What are we looking for?
Balanced DIY mutual funds and ETFs for RRSP season
March 1 marks this year’s RRSP contribution deadline for Canadians. For seasoned investors with an established portfolio, it is a great time to rebalance the portfolio back to target weights with the help of the additional cash injection. However, for new investors, managing one’s own RRSP can prove to be a daunting task given the abundant choice of investment options available. For those who don’t have complicated financial situations or are just starting out, I’ve noted in the past that one of the best set-ups for new investors in Canada is the combination of a discount brokerage account (many of which don’t charge commissions for trading ETFs or mutual funds) and holding a balanced fund (sometimes called an “all-in-one”). Balanced funds offer the convenience of owning a single fund that will regularly rebalance itself, while providing access to a well-diversified portfolio spanning multiple asset classes and regions. Moreover, buying these products through discount brokerage channels saves you fees on advice and distribution, which over time can be significant. To help with ideas in this space, I use Morningstar Direct to screen for balanced Canadian-domiciled ETFs and DIY mutual funds that meet two criteria:
- A four- or five-star Morningstar Rating for Funds, indicating that the fund has historically outperformed respective category peers after fees, on a risk-adjusted basis. Our data shows that although the star ratings are backward-looking, funds that have received five stars as a group outperform those that have received four stars, three stars, etc., in periods after receiving the rating. In other words, it’s more likely that a fund manager with a track record of outperforming peers will continue to outperform in the future, as compared with those that have historically underperformed peers.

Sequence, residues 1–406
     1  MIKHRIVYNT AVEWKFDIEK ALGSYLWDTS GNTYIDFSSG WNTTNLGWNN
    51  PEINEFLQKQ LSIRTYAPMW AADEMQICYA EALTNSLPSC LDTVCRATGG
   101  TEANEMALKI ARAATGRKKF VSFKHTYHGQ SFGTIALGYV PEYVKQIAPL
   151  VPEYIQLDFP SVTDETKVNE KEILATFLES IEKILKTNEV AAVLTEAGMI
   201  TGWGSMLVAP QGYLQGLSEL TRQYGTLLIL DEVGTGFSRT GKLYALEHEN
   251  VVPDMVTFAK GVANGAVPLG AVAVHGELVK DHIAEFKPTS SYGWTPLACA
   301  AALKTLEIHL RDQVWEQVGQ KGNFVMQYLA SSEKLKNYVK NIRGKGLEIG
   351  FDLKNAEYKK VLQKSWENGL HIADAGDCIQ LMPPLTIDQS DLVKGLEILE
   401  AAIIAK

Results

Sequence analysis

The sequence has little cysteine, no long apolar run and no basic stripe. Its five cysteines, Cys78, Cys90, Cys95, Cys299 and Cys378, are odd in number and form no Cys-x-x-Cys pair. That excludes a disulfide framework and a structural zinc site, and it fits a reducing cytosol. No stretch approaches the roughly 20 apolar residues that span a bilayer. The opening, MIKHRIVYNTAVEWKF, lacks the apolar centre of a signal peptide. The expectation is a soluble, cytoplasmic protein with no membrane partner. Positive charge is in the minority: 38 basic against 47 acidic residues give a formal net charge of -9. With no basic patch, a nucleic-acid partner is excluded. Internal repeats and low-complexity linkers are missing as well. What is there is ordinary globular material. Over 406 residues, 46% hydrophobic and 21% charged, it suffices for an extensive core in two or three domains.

- Have received a Morningstar Quantitative Rating of gold, silver, or bronze, isolating funds that Morningstar believes will produce excess after-fee returns in the future, based on our analysis of people (quality of the management team), parent (stewardship of the fund company) and process (robustness of investment decision-making).
What we found
The 22 ETFs and DIY mutual funds that met the above requirements are listed in the accompanying table, alongside their fees, categories, trailing performance, ratings and inception dates. The list is sorted first on the category, which should provide an indication of what is held in the fund (noting importantly that younger investors or those with long investment time horizons can handle more equity in their portfolio), then by management expense ratio, from lowest to highest. For those that are open to a “go-anywhere” portfolio (i.e. a dynamic mix of stocks and bonds, which can change at the discretion of the portfolio manager of the fund), the last two funds on the list would provide this effect, whereas all others on the list will have a stated static mix of stocks and bonds.
This article does not constitute financial advice. Investors are encouraged to conduct their own independent research before purchasing any of the investments listed here.
Ian Tam, CFA, is director of investment research for Morningstar Canada.
Be smart with your money. Get the latest investing insights delivered right to your inbox three times a week, with the Globe Investor newsletter. Sign up today.